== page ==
Larsens Lost Water/Raft project
‘Larsen’s Lost Water coincides with the United Nations Climate Change Conference in Paris. The exhibition focuses on the ways that the relatively uncharted parts of the globe – the Polar Regions and the seas – are (mis)represented, through exploring context and how introducing an alien or unexpected object into a space affects both components’ readings. The exhibition plays with the dislocated object as cliché, metaphor and metonym in relation to climate change.’
Our Brief: The Raftonauts
‘We are inviting proposals for a sea going raft which will allow 7 people to cross the English Channel to attend an important event about climate change in Paris.’
Sailable, with adequate propulsion
Provide shelter at sea for a two-day period, and facilities to provide food and fresh water for this period.
Able to withstand four-foot waves
What I Learned
This was an intense, but enormously satisfying and fruitful collaboration. It demonstrated for me all the ways that group work, where members know there roles and trust the process, can produce a result that is greater than the sum of its parts.
Everyone brings strengths and weaknesses to a project. I tend to excel at practical, hands on, process oriented work, so naturally I tend to lean on these strengths when working on my own. Collaborating and problem solving with others whose strengths lie in different areas has widened my skills and given me new strategies to apply to my practice. For example, I find myself taking more notes and using indexes and other research tools to identify relevant material more effectively.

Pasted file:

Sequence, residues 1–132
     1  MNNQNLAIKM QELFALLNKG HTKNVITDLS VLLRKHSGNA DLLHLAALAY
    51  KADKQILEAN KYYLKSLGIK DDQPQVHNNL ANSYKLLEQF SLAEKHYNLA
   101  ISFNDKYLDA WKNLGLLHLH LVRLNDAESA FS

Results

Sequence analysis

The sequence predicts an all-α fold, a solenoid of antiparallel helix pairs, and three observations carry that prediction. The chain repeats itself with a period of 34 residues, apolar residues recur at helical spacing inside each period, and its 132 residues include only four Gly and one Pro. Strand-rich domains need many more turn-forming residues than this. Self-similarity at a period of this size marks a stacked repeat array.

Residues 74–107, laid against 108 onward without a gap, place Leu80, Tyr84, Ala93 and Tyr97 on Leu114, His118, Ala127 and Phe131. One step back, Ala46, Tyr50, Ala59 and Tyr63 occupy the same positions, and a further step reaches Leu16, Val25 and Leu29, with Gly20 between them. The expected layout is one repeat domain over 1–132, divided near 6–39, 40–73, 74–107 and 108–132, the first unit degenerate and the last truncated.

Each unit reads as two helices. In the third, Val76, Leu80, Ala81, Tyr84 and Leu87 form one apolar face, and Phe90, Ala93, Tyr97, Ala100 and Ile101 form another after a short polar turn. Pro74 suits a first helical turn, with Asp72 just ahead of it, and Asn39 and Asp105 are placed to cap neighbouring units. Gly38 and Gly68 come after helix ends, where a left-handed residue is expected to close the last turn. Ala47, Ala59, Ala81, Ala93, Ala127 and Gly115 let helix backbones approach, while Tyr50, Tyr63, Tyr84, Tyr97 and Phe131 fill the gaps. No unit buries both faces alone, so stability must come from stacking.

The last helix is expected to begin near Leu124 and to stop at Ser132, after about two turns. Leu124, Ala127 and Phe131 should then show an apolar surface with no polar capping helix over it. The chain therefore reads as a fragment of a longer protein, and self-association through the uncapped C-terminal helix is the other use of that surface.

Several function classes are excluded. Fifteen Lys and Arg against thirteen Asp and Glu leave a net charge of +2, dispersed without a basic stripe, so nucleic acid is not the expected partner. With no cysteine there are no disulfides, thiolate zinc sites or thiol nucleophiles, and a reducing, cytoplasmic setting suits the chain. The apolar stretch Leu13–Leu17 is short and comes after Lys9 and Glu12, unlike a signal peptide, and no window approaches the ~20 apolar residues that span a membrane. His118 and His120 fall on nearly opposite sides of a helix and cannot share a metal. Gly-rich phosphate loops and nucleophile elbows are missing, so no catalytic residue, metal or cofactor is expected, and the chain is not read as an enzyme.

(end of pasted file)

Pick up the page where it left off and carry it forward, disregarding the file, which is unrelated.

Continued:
I found that this project tied in thematically with my individual practice which is concerned with the ways we frame, edit and sometimes dissociate from our experience. As I scoured lumber and scrapyards for a mast of suitable height, diameter and strength, I was struck by the old fashioned physicality of the task. We put our faith in science and technology to address potentially cataclysmic problems like climate change, when another frame involves a willingness to slow down, to run counter to the furious momentum of digitized culture.